Because more proposals were received than the foundation alone could fund, the auxiliary and the hospital were asked to commit funds toward fulfilling the requests, which totaled $498,647. “This year is the first year that we all worked together to meet 100 percent of the proposals for projects that will enable the hospital to continue to provide the highest quality of care possible,” says Ms. Morgan. “While each entity works separately, this three-way partnership enables the hospital to be as strong and modern as it can be.”
Passavant Hospital Foundation grants, which total $335,252, include light training boards for the physical and occupational therapy departments, bariatric stretchers for wound healing, outdoor wireless coverage so that families can have Internet access when their loved ones are in the hospital, and a portable ultrasound for the Anesthesiology Department. “While we do fund some very large projects, these grants enable us to fund smaller projects, such as iPads® for the Emergency Department physicians to use to write orders, and a special hematology microscope designed to help detect disease at an earlier stage,” says Ms. Morgan.
The Passavant Hospital Auxiliary grants, which total $41,275, include compact isolation stations, cough-assist devices for Respiratory Services, a Wound Zoom® camera and color printer, and DVD players for education in the Intensive Care Unit. Hospital grants equaling $124,820 will fund efforts to obtain Magnet® status, which is a designation denoting nursing excellence, chairs in the Physical Therapy and Infection Control departments, and a kitchen office facelift in the Food and Nutrition Services Department, among other things.
In addition to providing these departmental grants, the foundation also provides larger grants to the hospital each year. Past investments have included $65 million for a new hospital wing, which includes the UPMC CancerCenter at UPMC Passavant, $16.4 million to help fund the Legacy Theater and Conference Center at Cumberland Woods, and $2.1 million for the new UPMC Heart and Vascular Institute at UPMC Passavant, which opened in 2013.
“It takes a lot of money to build these kinds of facilities,” says Ms. Morgan, adding that the foundation recently committed a $6 million grant for a planned effort to enlarge the operating rooms at UPMC Passavant–Cranberry.
“The grants, in addition to other support provided by Passavant Hospital Foundation and the auxiliary, help UPMC Passavant in its mission to provide outstanding patient care,” says Dave Martin, president, UPMC Passavant. “They help us go above and beyond what you would typically expect from a community hospital.”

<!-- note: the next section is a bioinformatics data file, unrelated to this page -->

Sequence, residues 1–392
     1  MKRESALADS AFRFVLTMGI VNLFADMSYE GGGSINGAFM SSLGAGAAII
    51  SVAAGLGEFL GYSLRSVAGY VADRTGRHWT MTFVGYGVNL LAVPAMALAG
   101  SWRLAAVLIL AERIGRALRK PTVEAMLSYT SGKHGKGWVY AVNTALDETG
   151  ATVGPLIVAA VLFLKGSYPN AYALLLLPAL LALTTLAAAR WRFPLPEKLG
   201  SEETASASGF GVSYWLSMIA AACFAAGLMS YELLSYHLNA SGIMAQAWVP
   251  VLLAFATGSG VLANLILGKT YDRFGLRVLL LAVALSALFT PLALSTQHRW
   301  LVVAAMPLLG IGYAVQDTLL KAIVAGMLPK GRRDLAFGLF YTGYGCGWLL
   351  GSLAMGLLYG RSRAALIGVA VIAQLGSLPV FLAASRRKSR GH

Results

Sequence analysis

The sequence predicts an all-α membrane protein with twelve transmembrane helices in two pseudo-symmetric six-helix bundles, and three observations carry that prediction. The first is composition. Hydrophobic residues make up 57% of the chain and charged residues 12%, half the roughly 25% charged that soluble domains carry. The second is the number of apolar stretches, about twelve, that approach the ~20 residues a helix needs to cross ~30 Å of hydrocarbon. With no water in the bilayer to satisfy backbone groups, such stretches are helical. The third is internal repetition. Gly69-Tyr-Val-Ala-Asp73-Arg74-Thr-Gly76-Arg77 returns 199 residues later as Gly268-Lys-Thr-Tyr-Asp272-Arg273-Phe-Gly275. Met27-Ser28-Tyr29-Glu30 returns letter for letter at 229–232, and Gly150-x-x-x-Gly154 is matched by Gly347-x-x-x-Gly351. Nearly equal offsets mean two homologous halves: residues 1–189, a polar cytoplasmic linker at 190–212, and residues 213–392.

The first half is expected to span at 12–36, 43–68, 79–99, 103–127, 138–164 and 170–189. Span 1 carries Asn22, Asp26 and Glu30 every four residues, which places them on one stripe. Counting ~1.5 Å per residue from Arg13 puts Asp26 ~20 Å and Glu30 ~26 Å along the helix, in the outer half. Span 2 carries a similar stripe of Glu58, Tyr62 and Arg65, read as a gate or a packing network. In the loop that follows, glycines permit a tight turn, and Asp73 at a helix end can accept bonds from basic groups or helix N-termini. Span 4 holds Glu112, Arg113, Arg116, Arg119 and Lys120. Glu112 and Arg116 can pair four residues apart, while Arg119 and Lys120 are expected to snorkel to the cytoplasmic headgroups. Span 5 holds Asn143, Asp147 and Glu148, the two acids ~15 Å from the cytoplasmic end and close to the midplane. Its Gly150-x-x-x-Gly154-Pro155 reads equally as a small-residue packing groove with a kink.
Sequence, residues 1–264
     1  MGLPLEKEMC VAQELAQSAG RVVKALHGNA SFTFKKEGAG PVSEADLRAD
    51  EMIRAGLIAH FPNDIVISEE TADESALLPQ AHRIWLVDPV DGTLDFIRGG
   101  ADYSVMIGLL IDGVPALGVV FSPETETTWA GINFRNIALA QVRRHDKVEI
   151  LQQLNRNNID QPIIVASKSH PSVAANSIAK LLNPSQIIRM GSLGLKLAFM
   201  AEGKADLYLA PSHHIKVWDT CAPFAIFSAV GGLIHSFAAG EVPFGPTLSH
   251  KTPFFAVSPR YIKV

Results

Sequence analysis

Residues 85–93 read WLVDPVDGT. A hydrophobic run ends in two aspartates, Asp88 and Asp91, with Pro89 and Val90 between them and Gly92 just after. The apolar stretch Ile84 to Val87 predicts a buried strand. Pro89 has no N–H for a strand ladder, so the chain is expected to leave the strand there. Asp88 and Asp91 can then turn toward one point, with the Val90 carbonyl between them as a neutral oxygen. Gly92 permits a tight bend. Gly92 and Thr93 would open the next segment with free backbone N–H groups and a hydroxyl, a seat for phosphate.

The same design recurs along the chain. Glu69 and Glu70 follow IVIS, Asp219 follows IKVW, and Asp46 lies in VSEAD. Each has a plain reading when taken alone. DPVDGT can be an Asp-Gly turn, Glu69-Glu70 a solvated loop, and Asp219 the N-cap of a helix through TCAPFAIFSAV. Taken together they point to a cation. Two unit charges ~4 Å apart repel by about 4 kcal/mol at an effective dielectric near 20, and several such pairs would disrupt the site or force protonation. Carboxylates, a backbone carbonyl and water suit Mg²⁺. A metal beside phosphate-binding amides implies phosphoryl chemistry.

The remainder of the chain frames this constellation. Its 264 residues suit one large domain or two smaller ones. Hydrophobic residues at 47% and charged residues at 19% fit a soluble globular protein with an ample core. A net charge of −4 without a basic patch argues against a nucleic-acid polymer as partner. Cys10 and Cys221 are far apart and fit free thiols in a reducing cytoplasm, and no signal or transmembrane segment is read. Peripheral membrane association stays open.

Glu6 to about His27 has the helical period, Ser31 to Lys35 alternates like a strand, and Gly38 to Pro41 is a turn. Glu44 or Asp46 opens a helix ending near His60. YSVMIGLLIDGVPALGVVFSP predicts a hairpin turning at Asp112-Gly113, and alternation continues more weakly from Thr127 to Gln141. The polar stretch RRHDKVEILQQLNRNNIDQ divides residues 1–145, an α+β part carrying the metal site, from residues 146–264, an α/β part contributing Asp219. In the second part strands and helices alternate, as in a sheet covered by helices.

Looking Ahead
The Passavant Hospital Foundation and the Passavant Hospital Auxiliary will continue to rely on the community to further their mission. “When the hospital was purchased by UPMC, we had an endowment of $112 million, which we’ve since spent down significantly by contributing to build both the UPMC CancerCenter and UPMC Heart and Vascular Institute here at UPMC Passavant,” says Ms. Morgan. “Our goal is to build that endowment back up in order to continue to help the hospital provide the best care possible.”
The Passavant Hospital Auxiliary is also trying to recruit more members in order to continue its work serving the needs of patients in the North Hills. “All service organizations are seeing fewer volunteers these days, but we’d like to increase our membership — it’s important to grow,” says Ms. Kutcher.
“It is our belief and hope that the North Hills community will continue to support UPMC Passavant, just as the hospital has supported the medical needs of community members for the past half-century. Sooner or later, everyone will need the hospital,” says Ms. Morgan. “Medical care is ever-evolving, and we will need the help of our community to evolve along with it.”
To learn more about how to support UPMC Passavant through Passavant Hospital Foundation or the Passavant Auxiliary, call 412-748-6640 or visit 
passavanthospitalfoundation.org. For more information about UPMC Passavant, visit UPMCPassavant.com.
This advertorial has been provided by the Passavant Hospital Foundation.

Grant to Help UPMC Passavant Reduce Risk 
of Infection

Health care-associated infections, or HAIs, can be acquired by patients who receive treatment in a health care setting. These infections can be caused by antibiotics, and also can be passed from person to person. “While one-third of cases are endemic, or originate in the hospital, approximately two-thirds of cases are caused by visitors bringing them into the hospital,” explains infectious disease specialist Joseph Romano, MD.
One of the ways to combat these infections is to make sure that hospital rooms are cleaned appropriately, which includes disinfecting high-touch surfaces. In 2013, Passavant Hospital Foundation provided a $75,000 grant to the Environmental Services, Infection Control, and Surgical Services departments at UPMC Passavant to purchase a state-of-the-art room disinfection system to target the hospital’s high-risk infection areas. The 150-pound mobile robot can be moved from room to room, where it pulses ultraviolet light to kill bacteria, including Clostridium difficile colitis, or C. diff, a bacteria that causes swelling and irritation of the large intestine or colon.
“Previous machines took more than 30 hours to clean a room and were not as effective as the new system,” says Dr. Romano.